However, where the game may lack in shock-value, it majorly improves in the overall mechanics. This is no more evident than in the battle-system, which is far more versatile than in The Stick of Truth. It is still turn-based-strategy combat, but this time all fights are set on a grid system which determines the range of your attacks, and where you can move. Each character has 3 normal attacks and an “Ultimate” attack; a mixture of long-range, short-range, vertical and horizontal moves are necessary, as you will find yourself being surrounded by enemies. This variety combines nicely with the fact that you now can fight with 3 other squad mates, leading to a wide array of different moves and combos available. Rotating your squad to gain abilities becomes important for the latter stages of the game, as some characters may have attacks that are tailored for specific battles. For example AOE damage (like Call Girl’s “Phone Destroyer” move) or the ability to strike from distance (like Fastpass’ “Hit and Run” move) are invaluable for a couple of mid-game boss battles.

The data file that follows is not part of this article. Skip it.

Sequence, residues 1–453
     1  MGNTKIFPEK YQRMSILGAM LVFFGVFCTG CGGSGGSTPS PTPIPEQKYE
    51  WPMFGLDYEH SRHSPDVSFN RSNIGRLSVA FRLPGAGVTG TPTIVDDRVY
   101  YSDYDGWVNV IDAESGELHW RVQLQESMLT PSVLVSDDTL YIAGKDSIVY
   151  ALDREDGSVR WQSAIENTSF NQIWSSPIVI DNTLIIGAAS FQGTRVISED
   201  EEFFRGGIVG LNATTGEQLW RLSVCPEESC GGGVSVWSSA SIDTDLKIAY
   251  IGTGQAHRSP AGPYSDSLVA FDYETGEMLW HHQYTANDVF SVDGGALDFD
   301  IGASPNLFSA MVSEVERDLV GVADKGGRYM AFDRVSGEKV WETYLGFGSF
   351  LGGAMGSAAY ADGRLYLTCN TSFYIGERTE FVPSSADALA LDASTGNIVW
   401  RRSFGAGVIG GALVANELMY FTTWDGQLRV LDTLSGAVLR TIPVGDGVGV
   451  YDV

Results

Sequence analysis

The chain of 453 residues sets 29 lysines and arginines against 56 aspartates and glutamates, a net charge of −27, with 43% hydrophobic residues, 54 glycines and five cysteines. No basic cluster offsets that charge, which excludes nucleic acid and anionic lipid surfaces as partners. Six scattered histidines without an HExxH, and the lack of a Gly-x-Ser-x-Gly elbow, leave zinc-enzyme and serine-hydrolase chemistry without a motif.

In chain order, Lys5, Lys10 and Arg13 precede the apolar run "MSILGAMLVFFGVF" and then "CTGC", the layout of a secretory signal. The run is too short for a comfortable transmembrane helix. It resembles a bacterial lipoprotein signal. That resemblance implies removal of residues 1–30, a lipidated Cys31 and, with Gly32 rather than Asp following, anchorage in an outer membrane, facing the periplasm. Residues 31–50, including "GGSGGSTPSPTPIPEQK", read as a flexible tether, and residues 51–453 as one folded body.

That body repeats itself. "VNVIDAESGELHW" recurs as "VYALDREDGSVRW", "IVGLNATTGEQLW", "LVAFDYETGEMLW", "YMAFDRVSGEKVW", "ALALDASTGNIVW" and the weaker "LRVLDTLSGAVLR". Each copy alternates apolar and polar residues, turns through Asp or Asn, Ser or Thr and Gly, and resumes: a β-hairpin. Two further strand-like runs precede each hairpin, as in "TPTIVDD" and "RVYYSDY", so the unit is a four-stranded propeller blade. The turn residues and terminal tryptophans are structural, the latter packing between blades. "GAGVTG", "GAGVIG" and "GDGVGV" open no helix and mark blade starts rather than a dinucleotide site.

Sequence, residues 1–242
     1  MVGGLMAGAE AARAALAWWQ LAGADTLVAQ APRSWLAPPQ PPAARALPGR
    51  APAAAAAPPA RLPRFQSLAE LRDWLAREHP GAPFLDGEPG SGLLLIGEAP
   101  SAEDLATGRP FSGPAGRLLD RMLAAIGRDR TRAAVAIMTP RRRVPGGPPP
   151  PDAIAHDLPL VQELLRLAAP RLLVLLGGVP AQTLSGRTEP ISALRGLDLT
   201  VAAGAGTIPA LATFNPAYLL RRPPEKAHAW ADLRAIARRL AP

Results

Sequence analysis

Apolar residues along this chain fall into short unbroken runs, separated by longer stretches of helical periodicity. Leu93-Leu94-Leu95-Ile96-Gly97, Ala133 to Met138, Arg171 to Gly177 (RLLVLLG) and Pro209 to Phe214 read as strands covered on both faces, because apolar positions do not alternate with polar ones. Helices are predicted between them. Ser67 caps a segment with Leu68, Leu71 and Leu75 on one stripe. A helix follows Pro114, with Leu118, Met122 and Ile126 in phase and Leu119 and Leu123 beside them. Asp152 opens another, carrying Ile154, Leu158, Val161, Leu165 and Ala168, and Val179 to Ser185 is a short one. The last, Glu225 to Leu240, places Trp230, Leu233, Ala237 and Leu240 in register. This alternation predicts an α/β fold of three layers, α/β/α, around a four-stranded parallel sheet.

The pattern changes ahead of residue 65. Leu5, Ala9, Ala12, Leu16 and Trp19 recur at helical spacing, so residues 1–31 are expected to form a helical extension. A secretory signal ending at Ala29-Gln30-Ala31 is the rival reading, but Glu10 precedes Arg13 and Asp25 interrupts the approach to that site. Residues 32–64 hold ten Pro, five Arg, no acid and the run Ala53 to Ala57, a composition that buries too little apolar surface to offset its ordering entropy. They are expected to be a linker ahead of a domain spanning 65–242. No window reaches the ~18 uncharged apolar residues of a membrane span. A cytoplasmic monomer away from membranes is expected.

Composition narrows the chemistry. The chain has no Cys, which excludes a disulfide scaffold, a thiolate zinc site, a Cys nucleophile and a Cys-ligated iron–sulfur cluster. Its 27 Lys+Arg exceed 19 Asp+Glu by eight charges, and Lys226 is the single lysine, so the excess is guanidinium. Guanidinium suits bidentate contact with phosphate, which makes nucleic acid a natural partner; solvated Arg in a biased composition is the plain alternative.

If you get tired of your ability set, you can even go to The Coon (Cartman) to change your character class, and experiment with different combinations. Status effects have carried over from the first game, and there are some new ones such as “charmed”, which basically confuses the character into attacking a random target. An “Ultimate” attack can be unleashed when the charge-bar has filled, and are unique to each character- my favourite being Captain Diabetes’ “High-Fructose Death Wave”, in which he loads up on sweets and candy to send himself into a sugar fueled rage with an attack that can knock-back a whole row of enemies. The animations for each Ultimate are entertaining to watch at first, but after seeing them dozens of times, I really bemoaned the lack of a “skip” button.